Among the Iranian-Americans
I was a guest Monday at the National Iranian American Council’s gala dinner, the organization headed by the author Trita Parsi–who, among many other accomplishments, has written for TAC. I’ve never been around Iranian-Americans in, so to speak, concentrated doses–it was always a friend’s wife here, a tennis partner there. As one of my tablemates told me, “We tend to assimilate pretty thoroughly.” America’s roughly half-million Iranian-Americans are professionally successful (a 2004 MIT study showed that they have the highest rate of holding a master’s degree or higher of any ethnic group in America, and the second highest rate of college graduates). Clearly the Shah’s regime, and even more, the Islamic revolution which overthrew it, generated a massive brain drain. If last night was indicative, there is a fairly astonishing glamour quotient among Iranian women.
But in official Washington these days discussion about Iran revolves exclusively around whether to bomb it, or whether the sanctions are sufficiently “biting”, or what we should do if Israel bombs it. At NIAC, there is a pretty clear political consensus: the Iranian regime is repugnant, fascist, and embarrassing–all words I heard applied to it repeatedly. And … a military answer isn’t the right one. NIAC reflects the broad political consensus among Iranian-Americans: only three percent of Iranian-Americans support an American military attack on the regime. By a 2-1 margin, Iranian-Americans opposed taking the MEK, a cult-like linked to terrorism, off the State Department’s terror group list. Beyond lie large uncertainties: more sanctions?, more diplomacy? regime change?–and a sense that there are no easy answers. These Iranians were a highly secular group; it is apparent that nothing reinforces anti-clericalism so much as a doctrinaire theocracy. When I said I thought change would most likely come from within, when an Iranian Gorbachev recognized that an Islamic regime despised by most of his country’s young and educated had no future, no one disagreed or offered a more rapid scenario.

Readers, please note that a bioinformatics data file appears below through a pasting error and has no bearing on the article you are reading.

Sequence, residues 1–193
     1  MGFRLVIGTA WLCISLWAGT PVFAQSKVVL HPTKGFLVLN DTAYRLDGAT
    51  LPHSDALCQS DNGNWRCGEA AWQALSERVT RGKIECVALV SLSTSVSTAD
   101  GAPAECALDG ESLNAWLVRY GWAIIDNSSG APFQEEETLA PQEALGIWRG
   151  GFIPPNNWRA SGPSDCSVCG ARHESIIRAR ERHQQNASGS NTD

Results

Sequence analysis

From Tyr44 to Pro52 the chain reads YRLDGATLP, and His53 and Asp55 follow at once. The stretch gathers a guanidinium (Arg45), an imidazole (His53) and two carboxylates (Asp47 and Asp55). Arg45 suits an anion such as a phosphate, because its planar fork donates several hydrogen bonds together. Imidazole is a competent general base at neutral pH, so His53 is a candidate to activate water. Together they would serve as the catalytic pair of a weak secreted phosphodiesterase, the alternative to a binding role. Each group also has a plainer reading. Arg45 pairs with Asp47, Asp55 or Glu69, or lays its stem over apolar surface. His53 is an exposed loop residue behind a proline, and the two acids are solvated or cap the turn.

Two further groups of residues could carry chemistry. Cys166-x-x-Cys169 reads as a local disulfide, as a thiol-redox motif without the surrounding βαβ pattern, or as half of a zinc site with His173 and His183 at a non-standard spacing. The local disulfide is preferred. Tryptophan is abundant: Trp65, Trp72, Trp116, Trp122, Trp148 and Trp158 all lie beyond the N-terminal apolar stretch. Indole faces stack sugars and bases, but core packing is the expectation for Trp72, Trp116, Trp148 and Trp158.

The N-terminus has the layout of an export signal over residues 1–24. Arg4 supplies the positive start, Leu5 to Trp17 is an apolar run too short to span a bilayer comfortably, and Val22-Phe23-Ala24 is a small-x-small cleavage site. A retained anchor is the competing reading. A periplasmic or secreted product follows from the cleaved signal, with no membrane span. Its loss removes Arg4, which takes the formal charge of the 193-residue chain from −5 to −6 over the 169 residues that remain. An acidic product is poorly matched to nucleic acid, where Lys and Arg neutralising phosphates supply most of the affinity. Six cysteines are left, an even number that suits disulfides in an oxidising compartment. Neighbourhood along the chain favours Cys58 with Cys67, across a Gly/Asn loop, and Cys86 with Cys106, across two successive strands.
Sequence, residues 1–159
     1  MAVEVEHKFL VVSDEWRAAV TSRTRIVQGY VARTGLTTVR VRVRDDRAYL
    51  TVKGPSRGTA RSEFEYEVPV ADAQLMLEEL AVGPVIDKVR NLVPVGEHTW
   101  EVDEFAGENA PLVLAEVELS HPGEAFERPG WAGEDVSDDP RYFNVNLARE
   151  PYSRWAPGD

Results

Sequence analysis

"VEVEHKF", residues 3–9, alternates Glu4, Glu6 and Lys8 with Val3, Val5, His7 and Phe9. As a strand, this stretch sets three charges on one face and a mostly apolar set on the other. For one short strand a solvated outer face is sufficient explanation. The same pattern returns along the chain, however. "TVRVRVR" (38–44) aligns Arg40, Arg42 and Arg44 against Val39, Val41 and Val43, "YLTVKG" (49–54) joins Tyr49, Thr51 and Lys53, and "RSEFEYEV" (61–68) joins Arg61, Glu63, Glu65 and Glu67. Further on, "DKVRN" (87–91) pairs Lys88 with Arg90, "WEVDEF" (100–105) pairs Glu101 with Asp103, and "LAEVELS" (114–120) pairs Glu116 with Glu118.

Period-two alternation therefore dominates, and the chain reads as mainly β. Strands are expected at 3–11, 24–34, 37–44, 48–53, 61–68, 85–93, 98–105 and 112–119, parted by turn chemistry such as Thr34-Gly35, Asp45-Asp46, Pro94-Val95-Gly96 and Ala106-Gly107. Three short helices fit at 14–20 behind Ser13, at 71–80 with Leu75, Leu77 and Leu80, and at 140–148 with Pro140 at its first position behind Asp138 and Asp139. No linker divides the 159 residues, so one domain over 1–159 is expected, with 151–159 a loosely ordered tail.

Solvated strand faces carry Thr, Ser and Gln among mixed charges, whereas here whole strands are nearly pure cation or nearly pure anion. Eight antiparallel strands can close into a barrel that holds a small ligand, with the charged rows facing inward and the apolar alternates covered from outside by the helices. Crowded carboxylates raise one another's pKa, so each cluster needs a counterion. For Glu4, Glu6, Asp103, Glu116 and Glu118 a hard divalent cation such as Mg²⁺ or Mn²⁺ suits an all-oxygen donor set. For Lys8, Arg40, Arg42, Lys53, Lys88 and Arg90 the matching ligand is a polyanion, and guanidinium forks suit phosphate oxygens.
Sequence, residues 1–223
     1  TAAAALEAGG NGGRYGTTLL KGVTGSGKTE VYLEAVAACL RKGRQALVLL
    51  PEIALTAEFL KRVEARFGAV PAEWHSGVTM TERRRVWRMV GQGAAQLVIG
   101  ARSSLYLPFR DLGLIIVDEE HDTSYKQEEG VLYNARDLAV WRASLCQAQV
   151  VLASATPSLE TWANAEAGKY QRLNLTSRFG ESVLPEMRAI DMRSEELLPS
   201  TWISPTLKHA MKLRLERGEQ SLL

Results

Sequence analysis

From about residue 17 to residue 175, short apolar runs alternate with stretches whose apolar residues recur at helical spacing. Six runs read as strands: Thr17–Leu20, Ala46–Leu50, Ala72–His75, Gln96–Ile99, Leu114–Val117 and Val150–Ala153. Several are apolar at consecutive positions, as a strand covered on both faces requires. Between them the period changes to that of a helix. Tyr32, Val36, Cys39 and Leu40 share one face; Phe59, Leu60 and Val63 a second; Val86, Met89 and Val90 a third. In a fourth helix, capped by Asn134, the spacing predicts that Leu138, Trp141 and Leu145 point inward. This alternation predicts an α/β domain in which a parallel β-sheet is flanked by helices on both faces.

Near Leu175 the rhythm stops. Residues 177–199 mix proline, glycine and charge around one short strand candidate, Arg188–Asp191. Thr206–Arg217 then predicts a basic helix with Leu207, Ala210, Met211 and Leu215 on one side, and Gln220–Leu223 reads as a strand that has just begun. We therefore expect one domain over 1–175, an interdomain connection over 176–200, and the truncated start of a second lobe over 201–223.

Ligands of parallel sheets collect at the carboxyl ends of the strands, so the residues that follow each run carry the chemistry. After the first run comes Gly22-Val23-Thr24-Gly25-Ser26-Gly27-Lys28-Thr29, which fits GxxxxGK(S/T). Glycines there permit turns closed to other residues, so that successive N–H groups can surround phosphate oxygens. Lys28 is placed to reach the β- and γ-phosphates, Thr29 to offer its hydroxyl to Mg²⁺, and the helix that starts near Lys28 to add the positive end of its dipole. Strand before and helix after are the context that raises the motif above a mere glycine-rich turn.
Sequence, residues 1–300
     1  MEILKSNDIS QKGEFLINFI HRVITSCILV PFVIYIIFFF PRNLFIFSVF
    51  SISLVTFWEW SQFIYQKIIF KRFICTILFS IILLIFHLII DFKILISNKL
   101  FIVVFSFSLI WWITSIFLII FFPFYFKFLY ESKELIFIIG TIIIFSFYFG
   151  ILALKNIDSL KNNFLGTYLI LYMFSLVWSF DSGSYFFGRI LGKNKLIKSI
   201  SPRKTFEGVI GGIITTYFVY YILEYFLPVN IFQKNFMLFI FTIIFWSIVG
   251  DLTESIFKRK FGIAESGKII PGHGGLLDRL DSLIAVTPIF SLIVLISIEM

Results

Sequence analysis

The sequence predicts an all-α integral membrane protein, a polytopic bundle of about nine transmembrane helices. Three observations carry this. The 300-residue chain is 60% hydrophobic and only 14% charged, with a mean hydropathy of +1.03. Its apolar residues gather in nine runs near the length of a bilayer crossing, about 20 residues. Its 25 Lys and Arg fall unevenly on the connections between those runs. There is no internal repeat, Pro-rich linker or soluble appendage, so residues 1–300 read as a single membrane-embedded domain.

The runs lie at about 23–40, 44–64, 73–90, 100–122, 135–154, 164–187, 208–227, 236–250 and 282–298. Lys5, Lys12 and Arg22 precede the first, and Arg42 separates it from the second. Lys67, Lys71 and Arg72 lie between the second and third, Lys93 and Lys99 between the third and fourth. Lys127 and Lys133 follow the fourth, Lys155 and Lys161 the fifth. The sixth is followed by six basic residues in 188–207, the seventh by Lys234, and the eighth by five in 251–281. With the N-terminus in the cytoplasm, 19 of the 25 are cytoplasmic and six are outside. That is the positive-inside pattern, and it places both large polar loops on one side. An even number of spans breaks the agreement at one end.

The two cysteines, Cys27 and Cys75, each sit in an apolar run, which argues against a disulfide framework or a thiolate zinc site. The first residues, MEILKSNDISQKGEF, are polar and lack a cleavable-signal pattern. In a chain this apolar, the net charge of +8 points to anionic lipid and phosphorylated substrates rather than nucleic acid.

It was striking to see a community full of national pride, happy to let you know that Iran is the oldest nation in Mideast, has a rich literary tradition, and is a nation which has overcome and endured foreign invasion and occupation before. More than once was I reminded that Iran, after all, did not introduce nuclear weapons into the Middle East. I have never met an Iranian of any political stripe ready to concede Israel’s demand for a regional nuclear monopoly.
Trita Parsi has already achieved much wearing two hats, both as a political scholar and a force helping Iranian-Americans find a political voice. This voice is certainly heard in upper reaches of the foreign policy establishment, and probably within the White House. It remains muffled in Congress–drowned out as ignorant and bellicose resolutions continue to roll right on through. That will have to change, hopefully before our air force is sent on a fool’s errand of destruction.